Design Achievement - Coming out of the Great Recession and into Summer 2010, Oyster Development Corp. acquired a plot of land on San Francisco’s busy Van Ness Avenue. This would be the first condominium land sale in roughly two years, and, bucking the trend, a development planned outside the burgeoning, up-and-coming South of Market area. Marlow sits at the intersection of three established neighborhoods and was built to accommodate the changing needs of the city’s residents. DLR Group|KwanHenmi’s design embraces a unitized vocabulary that gives each unit has a distinct identity. The façade presents a collection of units rather than an array of windows in a plane. These “boxed windows” are paired with recesses that accommodate a deck for each unit and the entire assembly is woven together by vertical elements connecting the building’s mid-section to its base. The unitized vocabulary is eroded at the upper levels to reduce the apparent mass of the building and to give it a distinct apogee.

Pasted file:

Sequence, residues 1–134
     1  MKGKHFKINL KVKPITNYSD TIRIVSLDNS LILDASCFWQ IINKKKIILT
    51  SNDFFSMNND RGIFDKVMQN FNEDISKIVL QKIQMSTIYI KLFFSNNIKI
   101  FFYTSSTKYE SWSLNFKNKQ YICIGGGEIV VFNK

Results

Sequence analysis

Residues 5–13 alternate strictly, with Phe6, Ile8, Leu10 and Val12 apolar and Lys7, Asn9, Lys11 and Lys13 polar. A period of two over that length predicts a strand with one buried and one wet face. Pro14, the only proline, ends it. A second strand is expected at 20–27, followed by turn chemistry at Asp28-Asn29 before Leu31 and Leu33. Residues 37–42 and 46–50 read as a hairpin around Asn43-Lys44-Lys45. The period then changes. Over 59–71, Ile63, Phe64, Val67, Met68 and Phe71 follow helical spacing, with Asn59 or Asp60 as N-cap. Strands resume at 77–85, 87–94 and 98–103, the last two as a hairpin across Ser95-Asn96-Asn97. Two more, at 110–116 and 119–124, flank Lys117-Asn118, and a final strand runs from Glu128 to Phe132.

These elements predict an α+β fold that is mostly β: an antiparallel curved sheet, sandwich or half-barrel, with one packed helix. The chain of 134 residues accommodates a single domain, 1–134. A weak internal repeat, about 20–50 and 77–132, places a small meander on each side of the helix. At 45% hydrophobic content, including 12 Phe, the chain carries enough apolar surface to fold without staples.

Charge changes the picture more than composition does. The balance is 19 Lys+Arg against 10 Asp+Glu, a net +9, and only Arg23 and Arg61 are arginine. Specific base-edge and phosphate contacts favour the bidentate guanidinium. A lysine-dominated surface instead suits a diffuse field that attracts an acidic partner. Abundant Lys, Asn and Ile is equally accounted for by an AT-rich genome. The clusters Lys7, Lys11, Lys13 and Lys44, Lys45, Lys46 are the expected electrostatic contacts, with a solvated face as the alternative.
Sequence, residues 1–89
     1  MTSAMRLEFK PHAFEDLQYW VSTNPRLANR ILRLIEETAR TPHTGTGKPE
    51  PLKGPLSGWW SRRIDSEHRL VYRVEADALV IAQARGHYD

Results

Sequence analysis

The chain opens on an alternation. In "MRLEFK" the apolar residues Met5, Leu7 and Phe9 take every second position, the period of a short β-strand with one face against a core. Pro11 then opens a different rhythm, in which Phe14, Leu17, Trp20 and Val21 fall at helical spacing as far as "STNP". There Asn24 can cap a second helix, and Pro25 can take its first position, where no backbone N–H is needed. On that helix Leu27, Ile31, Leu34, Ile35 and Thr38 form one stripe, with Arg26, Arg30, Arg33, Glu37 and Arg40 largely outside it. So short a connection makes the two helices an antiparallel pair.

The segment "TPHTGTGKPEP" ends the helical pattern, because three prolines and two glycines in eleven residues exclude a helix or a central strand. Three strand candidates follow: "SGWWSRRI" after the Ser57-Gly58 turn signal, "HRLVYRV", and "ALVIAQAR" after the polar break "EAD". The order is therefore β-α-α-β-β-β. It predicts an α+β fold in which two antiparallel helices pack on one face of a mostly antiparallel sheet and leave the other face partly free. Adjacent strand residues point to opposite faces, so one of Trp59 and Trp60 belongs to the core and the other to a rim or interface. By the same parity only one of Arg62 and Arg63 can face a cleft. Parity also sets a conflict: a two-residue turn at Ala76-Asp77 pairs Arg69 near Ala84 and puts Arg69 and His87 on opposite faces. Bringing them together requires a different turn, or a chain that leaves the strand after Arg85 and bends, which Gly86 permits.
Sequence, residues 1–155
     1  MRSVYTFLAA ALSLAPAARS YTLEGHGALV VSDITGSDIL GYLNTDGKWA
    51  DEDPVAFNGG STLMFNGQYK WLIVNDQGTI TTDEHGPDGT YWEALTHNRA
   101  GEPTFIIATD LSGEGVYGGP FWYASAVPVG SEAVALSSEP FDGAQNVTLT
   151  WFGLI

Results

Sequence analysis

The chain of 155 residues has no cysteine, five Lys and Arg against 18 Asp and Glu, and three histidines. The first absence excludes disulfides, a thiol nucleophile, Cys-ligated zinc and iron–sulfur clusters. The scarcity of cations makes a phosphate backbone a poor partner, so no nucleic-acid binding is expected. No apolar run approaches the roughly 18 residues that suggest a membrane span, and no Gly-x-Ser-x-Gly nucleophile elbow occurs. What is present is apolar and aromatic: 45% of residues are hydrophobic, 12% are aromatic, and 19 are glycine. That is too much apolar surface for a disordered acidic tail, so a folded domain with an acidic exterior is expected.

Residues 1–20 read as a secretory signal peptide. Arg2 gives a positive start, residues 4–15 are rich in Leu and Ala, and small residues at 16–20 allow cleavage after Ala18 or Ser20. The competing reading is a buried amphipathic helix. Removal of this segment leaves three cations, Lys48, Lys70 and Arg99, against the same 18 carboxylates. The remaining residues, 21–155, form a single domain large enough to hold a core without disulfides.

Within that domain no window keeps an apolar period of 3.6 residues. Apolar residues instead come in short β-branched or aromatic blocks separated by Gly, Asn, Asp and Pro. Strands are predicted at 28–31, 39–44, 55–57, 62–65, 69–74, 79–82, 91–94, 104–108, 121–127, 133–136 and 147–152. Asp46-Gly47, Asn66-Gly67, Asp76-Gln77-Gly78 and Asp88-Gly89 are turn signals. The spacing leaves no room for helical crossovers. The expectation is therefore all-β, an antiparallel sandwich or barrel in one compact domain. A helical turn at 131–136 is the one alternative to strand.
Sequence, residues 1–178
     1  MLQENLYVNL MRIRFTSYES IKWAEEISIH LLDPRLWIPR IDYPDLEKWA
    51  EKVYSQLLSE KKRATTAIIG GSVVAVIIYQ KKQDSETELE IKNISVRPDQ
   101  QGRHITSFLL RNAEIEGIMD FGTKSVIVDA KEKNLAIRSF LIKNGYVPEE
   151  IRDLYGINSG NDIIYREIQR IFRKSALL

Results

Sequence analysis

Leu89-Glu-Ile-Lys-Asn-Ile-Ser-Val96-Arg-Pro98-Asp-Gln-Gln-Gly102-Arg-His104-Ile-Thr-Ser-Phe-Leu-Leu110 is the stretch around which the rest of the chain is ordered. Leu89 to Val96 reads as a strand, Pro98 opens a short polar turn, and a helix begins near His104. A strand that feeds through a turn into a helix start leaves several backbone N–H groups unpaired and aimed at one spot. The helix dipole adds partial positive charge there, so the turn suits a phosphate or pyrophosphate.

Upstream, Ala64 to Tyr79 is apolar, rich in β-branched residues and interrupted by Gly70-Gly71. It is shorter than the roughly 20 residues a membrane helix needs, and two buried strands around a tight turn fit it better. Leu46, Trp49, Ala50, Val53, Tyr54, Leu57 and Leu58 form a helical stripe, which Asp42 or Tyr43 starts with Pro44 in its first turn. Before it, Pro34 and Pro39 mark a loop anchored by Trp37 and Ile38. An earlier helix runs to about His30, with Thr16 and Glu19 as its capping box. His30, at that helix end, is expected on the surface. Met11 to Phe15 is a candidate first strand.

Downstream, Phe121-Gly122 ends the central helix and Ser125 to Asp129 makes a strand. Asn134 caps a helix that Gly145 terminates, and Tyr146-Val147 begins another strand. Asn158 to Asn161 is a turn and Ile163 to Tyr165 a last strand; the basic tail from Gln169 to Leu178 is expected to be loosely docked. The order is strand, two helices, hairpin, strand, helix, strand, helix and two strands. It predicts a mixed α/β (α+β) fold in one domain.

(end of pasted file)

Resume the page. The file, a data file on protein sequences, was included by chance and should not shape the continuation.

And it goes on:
Scope Summary - Marlow is an eight-story, multi-family development, one of the first after a recession that virtually shut down all new residential projects in San Francisco. It sits at the corner of Van Ness Avenue and Clay Street in a transitional neighborhood close to the highly sought-after Nob Hill. The project consists of 98 units in 2 buildings—one 8-story building with 1- and 2-bedroom units and one 4-story building with 3 townhouses—and encloses a large courtyard. It is a high density, low energy consumption structure with a Walk Score of 98, proximity to multiple transit lines, and roughly 5,000 SF of retail space. The neighborhood serves an economically diverse community and fifteen units within the project are subsidized under the San Francisco's Below Market Rate Ownership Program, which helps to provide affordable housing for lower- or middle-income households. DLR Group|KwanHenmi provided architecture and construction administration services.

Awards & Recognition

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  • Design Award

    American Institute of Architects (AIA) San Francisco


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